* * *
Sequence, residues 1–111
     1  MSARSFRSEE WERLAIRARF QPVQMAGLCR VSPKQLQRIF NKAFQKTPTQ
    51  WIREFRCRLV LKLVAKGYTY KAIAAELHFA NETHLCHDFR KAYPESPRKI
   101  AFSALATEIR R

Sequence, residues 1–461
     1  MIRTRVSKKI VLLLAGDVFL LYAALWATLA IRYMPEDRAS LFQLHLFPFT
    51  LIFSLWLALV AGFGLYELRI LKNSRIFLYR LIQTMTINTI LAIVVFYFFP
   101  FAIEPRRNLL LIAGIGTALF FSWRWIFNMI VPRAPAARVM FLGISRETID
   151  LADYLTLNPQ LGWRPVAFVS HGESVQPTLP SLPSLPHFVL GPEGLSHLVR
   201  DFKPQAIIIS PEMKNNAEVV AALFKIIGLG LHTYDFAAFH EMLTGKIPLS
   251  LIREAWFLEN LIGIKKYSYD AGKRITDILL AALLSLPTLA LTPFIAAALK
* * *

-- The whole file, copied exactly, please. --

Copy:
Sequence, residues 1–111
     1  MSARSFRSEE WERLAIRARF QPVQMAGLCR VSPKQLQRIF NKAFQKTPTQ
    51  WIREFRCRLV LKLVAKGYTY KAIAAELHFA NETHLCHDFR KAYPESPRKI
   101  AFSALATEIR R

Sequence, residues 1–461
     1  MIRTRVSKKI VLLLAGDVFL LYAALWATLA IRYMPEDRAS LFQLHLFPFT
    51  LIFSLWLALV AGFGLYELRI LKNSRIFLYR LIQTMTINTI LAIVVFYFFP
   101  FAIEPRRNLL LIAGIGTALF FSWRWIFNMI VPRAPAARVM FLGISRETID
   151  LADYLTLNPQ LGWRPVAFVS HGESVQPTLP SLPSLPHFVL GPEGLSHLVR
   201  DFKPQAIIIS PEMKNNAEVV AALFKIIGLG LHTYDFAAFH EMLTGKIPLS
   251  LIREAWFLEN LIGIKKYSYD AGKRITDILL AALLSLPTLA LTPFIAAALK